Chandler to test mobile voting app this fall after bond election - SanTan Sun News SanTan Sun News

Chandler to test mobile voting app this fall after bond election

August 29th, 2021 development
Chandler to test mobile voting app this fall after bond election

By Ken Sain, Staff Writer

Chandler is planning to be one of the pioneers in mobile voting with a pilot program scheduled to run in November.

City Council was expected to approve a contract with Boston-based Voatz at its meeting Thursday. That vote came after the deadline for this edition.

Voters would be able to cast their ballots on their phone or tablet. The votes would be protected by blockchain technology, the same type of system Bitcoin uses.

Vice Mayor Mark Stewart says it would be very secure.

“What it comes down to, is the juice worth the squeeze?” Stewart said. “Is the quantum computing power that you would need to get into one voter record — just one voter record, not all — would that be worth it?”

To test mobile voting the city plans to stage an election after November’s bond election is completed. It would not count, and would just be to see how the system works. Voters would be asked the same questions on the ballot in the Nov. 2 bond election, plus some additional ones the city seeks answers to.

The city plans to market the pilot program, including to teens under 18. Because of privacy laws, no one under 13 would be allowed to participate. The city will keep separate tallies for those 18 and older and those who are too young to have their votes officially counted.

Stewart has been the driving force behind Chandler’s lead in moving toward mobile voting. “I’ve always been kind of a technology nut or an early adopter,” he said. “We’ve been voting like this for so long, it’s kind of archaic in a way.”

Stewart said blockchain voting can fix many of the issues that have been in the national news about election security.

“I tell the story …, Vice Mayor Stewart walked into my office one day and he said, ‘what do you think of blockchain voting?’” said City Clerk Dana DeLong, whose office runs city elections. “I said, ‘I don’t.’”

She says she does now.

DeLong said she does not need any additional funds to run the pilot program; she could do it with money already approved for her department. The contract with Voatz to do the election will cost $30,000 and then an additional $2 for every person who votes.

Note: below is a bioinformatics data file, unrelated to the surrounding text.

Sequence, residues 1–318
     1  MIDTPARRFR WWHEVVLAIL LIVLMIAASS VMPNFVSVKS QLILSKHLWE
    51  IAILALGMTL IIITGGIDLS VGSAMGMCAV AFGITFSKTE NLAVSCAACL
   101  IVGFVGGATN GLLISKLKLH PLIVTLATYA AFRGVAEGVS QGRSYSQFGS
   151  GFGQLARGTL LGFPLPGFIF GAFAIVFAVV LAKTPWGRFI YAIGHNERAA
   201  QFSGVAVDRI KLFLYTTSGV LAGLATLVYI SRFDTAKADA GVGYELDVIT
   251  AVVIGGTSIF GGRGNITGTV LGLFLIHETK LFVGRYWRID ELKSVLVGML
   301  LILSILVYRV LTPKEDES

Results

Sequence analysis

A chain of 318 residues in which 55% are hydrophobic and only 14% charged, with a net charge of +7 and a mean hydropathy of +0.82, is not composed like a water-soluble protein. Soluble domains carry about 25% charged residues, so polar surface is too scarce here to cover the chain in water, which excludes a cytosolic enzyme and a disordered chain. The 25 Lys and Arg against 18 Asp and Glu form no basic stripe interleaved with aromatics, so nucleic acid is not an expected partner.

Council members expressed concern about the $2 dollars per vote and asked DeLong to put a cap on that during Monday’s work session. They considered a limit of about 10,000 to 15,000 votes. DeLong said she has a total $50,000 in her budget for the election.

Voatz’s system has been used in three states, West Virginia, Colorado and Utah. It was used in actual elections, primarily to count military votes from overseas.

“I see this as the future,” said Josh Daniels, Utah County Clerk and Auditor. His office runs the elections in that county.

“We can save a lot of money, just in purchasing hardware. The hardware in the average voters’ pocket has robust security built into it.”

Daniels said their use of the Voatz system was successful and widely accepted by voters. Under Utah state law, only military personnel serving overseas and people with disabilities could use it, so they only had about 1,000 votes cast that way in the 2020 election.

“Voter turnout was much higher among overseas voters,” he said.

One factor that might limit how far Chandler can go with mobile voting is the county, state and federal governments might not be ready for it. Stewart said he reached out to the county to see if they were interested in partnering in the pilot program. He said they showed some interest, but were not ready to jump in just yet.

Another limiting factor is voting laws need to catch up to the new technology.

Councilmember Terry Roe worried someone could stage a pizza party and get 100 of their closest friends together and then ask them all to vote on their phones.

He was assured some existing state laws would cover such a scenario, but that there was definitely issues that should be addressed by the legislature before mobile voting is fully embraced.

Councilmember Christine Ellis expressed concern that broadband access was not equal across the entire city. She worried this would set up a system making easier for some people to vote, but difficult for others who don’t enjoy the same access to the Internet.

“We just gave the school district … $250,000 when we had to take all the students online, because they didn’t have the capacity.” Ellis said.

She said people on the central side of town west of Arizona Avenue have had their cell phones dropped because of the coverage.

Stewart said pursuing a pilot program for mobile voting is perfect for Chandler.

“I knew this could be an opportunity for Chandler to be, as a community of innovation, to sort of lead the way in proving out concept, get a couple of tests, to get people to trust it so that when they go into the voter’s booth, or they use their phone to vote, they can trust it’s being counted.

“They’ll have a receipt they can audit and they can look back and say, ‘My vote counted.’”